In recent years we’ve seen a boom in foodie culture and in turn consumers’ growing interest in local, artisan produce that feels honest, authentic and that has provenance. This combined with an awareness and concern for sustainability has seen an increase in the number of independent, home-grown F&B concepts.
In the second part of our insight report, we explore the important role that small producers play in the current F&B market and how landlords are adapting the models to suit their growing needs.
Part II: Nurturing Landlord
Soaring rates can make it challenging for small businesses to survive in a competitive market. This poses big opportunity for land and asset owners to adopt a nurturing mindset and become a support and a hub for innovation for F&B entrepreneurs.
Nurturing landlords can offer affordable retail space on a flexible or short-term basis providing a low risk opportunity for small/new businesses to reach consumers, whilst at the same time the landlord benefits from having an evolving concept – creating a fresh interest for their consumers.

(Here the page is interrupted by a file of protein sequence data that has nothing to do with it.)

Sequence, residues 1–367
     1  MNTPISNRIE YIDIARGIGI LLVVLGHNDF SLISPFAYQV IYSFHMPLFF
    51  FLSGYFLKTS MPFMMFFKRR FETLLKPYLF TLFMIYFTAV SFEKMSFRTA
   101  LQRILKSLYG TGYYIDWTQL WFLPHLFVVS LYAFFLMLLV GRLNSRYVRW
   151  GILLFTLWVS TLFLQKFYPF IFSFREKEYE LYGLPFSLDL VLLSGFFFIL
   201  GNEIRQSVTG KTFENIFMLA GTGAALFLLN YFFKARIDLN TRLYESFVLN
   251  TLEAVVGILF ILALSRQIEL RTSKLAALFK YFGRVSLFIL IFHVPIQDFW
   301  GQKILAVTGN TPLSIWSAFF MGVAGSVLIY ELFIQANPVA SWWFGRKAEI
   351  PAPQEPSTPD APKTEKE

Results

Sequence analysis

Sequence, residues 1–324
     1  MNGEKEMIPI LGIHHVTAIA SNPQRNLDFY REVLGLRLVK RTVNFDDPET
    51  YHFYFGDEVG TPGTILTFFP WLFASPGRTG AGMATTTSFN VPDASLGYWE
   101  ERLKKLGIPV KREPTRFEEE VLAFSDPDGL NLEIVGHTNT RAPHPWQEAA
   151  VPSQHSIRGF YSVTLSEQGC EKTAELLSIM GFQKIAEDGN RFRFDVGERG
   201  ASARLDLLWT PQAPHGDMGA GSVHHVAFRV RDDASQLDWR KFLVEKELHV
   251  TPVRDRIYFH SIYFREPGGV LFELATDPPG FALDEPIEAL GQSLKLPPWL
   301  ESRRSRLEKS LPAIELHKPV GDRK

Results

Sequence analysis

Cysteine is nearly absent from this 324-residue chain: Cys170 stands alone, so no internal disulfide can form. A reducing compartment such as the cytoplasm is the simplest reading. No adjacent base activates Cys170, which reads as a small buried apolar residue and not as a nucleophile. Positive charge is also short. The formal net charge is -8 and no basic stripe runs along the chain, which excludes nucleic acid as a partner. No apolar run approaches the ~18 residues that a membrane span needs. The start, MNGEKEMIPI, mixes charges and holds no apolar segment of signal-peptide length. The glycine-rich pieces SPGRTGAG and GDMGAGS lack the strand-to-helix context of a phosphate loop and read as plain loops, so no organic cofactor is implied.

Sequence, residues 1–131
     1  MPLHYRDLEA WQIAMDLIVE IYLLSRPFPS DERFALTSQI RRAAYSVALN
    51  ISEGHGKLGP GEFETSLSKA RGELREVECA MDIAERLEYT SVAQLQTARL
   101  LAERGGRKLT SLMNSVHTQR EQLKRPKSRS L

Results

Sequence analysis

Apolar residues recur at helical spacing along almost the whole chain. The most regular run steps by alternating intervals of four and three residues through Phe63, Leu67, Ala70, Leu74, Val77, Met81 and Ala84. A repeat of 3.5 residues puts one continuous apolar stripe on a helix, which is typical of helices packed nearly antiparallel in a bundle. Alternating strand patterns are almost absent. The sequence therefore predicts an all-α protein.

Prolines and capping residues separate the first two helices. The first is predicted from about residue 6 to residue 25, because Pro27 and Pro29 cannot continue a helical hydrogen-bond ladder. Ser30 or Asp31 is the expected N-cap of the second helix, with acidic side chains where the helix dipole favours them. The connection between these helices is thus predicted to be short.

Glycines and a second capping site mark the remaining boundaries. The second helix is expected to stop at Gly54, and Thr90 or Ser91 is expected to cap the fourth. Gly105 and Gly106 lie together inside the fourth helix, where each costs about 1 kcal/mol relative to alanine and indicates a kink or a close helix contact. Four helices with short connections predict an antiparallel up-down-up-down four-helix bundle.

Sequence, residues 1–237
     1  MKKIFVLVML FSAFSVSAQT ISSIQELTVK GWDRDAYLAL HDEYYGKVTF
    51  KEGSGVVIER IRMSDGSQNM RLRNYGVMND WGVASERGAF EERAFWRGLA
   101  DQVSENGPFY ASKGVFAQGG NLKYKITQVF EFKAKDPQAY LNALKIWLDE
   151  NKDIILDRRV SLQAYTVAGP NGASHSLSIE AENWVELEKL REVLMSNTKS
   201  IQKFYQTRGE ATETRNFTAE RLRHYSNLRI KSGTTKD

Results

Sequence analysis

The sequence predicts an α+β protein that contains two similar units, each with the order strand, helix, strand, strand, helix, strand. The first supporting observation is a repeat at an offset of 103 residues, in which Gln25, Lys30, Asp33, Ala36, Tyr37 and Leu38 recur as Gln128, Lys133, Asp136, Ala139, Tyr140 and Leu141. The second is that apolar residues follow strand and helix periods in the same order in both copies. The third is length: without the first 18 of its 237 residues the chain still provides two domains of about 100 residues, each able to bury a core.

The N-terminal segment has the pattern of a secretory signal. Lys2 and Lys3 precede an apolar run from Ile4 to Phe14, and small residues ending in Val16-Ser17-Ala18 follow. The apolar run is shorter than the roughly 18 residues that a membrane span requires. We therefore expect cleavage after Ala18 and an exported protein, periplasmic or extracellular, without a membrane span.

Providing a Viable Platform for Small Producers
Food Halls are a perfect example of this format in action. Some of the new halls are even acting as business incubators, providing much needed commercial guidance and communal kitchen space. Detroit’s newest food hall, Fort Street Galley, set up a competition where businesses pitched for a place with the locals judging the results – creating a ‘story’, providing exposure to a multitude of brands, driving footfall and attracting a new customer base.
Examples to Inspire - Tastemakers, Washington DC: Food incubator
Opening in April last year, Tastemakers acts as a food incubator meeting the needs of local producers, with a food hall that also host events such as cooking classes and workshops, movie nights and wine tasting. Described as ‘a community all about food, bringing together the taste makers and taste testers of the DC food scene’.
Baltic Market, Liverpool: Platform for independents
A street-food market based within Cain’s Brewery, conceived by the people at Independent Liverpool who built on the food and drinks festivals they were running, to create a space that could host food traders, independent artists and local food producers. The market offers young and independent food businesses a platform to reach consumers without the financial risk.
WeWork Food Labs, NYC: Co-work space for food start-ups
WeWork have opened a co-work concept in Chelsea New York specifically for food producers. The WeWork Food Labs is a co-work space, innovation lab and events space, acting like an incubator for small food entrepreneurs. WeWork will contribute $1million in equity investments to a group of member start-ups.
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